IP Law Daily TTAB erred in assessing likelihood of confusion between OMAHA STEAKS and applied-for mark
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Thursday, November 15, 2018

TTAB erred in assessing likelihood of confusion between OMAHA STEAKS and applied-for mark

By Peter Reap, J.D., LL.M.

The Trademark Trail and Appeal Board erred in finding that there is no likelihood of confusion between Omaha Steaks International’s over two dozen registered marks, each containing the words "Omaha Steaks," and Greater Omaha Packing Company’s applied for GREATER OMAHA PROVIDING THE HIGHEST QUALITY BEEF mark (the Opposed Mark), the U.S. Court of Appeals for the Federal Circuit has ruled in a precedential opinion. The board erred in analyzing the fame of the registered marks, third-party usage, and similarity of the marks. The TTAB’s ruling was vacated and the case remanded for further proceedings (Omaha Steaks International, Inc. v. Greater Omaha Packing Co., Inc., November 15, 2018, Prost, S.).

Omaha Steaks processes cuts of meat and sells them under an Omaha Steaks mark. It has over two-dozen registrations for Omaha Steaks marks. Greater Omaha Packing Company (GOP) sells boxed beef, which is beef fabricated from whole carcasses. In 2013, GOP filed an application to register the mark "GREATER OMAHA PROVIDING THE HIGHEST QUALITY BEEF" and design (Serial No. 85/897,951). The application was for the following goods in International Class 29: "meat, including boxed beef primal cuts."

Omaha Steaks filed an opposition, alleging that the Opposed Mark was likely to cause confusion in consumers’ minds as to the source of the goods due to its similarity to the registered Omaha Steaks marks. The TTAB dismissed the opposition, and Omaha Steaks appealed.

Likelihood of confusion. Whether a likelihood of confusion exists between an applicant’s mark and a previously registered mark is determined on a case-by-case basis, aided by application of the thirteen DuPont factors, the court noted. In re E. I. DuPont DeNemours & Co., 476 F.2d 1357, 1361 (CCPA 1973).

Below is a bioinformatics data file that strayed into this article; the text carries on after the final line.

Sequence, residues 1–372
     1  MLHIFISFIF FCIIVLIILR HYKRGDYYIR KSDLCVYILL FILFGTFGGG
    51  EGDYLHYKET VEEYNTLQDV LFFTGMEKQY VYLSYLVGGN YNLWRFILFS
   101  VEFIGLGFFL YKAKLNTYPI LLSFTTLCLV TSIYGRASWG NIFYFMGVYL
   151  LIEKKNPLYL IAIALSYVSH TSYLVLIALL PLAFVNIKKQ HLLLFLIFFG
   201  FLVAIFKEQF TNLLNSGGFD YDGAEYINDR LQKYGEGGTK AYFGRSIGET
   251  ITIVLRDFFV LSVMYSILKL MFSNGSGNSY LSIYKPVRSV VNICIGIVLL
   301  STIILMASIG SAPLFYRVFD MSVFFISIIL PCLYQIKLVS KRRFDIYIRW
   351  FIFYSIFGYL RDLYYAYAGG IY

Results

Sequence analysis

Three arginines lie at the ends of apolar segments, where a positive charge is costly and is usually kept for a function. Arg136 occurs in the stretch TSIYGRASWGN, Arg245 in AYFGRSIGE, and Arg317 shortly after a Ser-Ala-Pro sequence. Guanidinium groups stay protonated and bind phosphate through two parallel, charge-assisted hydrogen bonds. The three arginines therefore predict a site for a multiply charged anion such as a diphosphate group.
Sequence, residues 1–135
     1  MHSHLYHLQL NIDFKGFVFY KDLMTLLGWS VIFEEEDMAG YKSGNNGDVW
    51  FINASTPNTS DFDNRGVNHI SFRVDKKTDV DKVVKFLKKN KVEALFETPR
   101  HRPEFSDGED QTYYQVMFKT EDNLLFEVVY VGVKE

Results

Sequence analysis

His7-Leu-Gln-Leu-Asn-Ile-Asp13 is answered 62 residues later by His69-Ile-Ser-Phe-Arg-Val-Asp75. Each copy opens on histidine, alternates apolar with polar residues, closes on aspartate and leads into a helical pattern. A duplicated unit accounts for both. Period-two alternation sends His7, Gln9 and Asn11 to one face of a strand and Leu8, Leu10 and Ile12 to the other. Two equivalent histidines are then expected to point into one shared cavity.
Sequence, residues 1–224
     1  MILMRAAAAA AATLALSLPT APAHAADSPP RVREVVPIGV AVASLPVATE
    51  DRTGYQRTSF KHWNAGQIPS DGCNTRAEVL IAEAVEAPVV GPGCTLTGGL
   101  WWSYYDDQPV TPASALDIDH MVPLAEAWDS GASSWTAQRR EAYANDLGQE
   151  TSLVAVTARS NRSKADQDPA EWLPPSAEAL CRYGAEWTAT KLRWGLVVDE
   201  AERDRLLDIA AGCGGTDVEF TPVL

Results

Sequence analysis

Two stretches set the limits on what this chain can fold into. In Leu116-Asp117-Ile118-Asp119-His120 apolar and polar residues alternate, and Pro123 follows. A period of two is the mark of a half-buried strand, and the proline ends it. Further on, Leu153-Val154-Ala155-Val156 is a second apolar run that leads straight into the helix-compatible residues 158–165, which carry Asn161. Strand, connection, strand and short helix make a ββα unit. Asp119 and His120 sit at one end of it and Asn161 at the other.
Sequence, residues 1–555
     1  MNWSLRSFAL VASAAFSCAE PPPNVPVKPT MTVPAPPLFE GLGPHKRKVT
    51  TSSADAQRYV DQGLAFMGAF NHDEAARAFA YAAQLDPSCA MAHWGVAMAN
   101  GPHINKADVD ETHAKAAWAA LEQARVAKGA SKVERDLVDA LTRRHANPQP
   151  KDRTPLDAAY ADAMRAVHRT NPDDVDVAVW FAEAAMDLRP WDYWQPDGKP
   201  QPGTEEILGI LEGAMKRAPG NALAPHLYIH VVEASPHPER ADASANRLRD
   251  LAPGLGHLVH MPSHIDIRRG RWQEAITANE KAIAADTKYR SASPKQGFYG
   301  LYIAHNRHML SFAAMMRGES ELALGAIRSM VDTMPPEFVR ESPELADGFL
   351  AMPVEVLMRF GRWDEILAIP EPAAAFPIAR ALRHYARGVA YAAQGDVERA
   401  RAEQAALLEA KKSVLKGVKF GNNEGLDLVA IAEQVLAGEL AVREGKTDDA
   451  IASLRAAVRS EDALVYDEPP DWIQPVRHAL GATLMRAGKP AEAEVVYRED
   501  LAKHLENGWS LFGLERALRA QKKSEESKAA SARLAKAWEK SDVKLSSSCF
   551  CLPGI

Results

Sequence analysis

Fame. Omaha Steaks argued that the Board improperly rejected its advertising expenditures and sales figures as evidence of the fame of its marks. The Board acknowledged that Omaha Steaks spent over $45 million in 2011 to advertise its beef products. Furthermore, the Board determined that during the December holiday season Omaha Steaks processes 100,000 orders per day. The Board, however, concluded that these "raw" figures lacked context and therefore disregarded them. The Board concluded that while these sales figures "appear impressive," Omaha Steaks has not provided "any context for them, i.e., how they translate into evidence of market share for Plaintiff’s goods."

The Board misread the Federal Circuit opinion in Bose, according to the court. Bose Corp. v. QSC Audio Prods., Inc., 293 F.3d 1367, 1370 (Fed. Cir. 2002). The Board interpreted Bose to require evidence of resulting "market share." The holding in Bose was not so narrow. Market share is but one way of contextualizing ad expenditures or sales figures. Though Bose expressly approves of using market share, it does not require it. It merely stated that in light of modern advertising, "raw numbers alone in today’s world may be misleading." Id.

Here, Omaha Steaks provided considerable contextual evidence of the type of advertisements and promotions it uses to gain sales. The Board’s fact-findings confirmed that due to Omaha Steaks’ sales and marketing efforts, the consuming public has been regularly exposed to Omaha Steaks’ marks on a nationwide scale. Based on this undisputed record, the Board’s conclusion that Omaha Steaks did not provide any context for its "raw" sales figures and ad expenditures lacked substantial evidence.

GOP also seemed to argue that Omaha Steaks’ evidence of fame should be disregarded because the record did not include copies of the underlying advertisements. But the need to comb through the content of the ads was not necessary here, the court observed. In light of the direct overlap between the company’s name and its marks, it was undisputed that an Omaha Steaks ad involved either its registered tradename, "OMAHA STEAKS," or one of its registered trademarks displaying that name.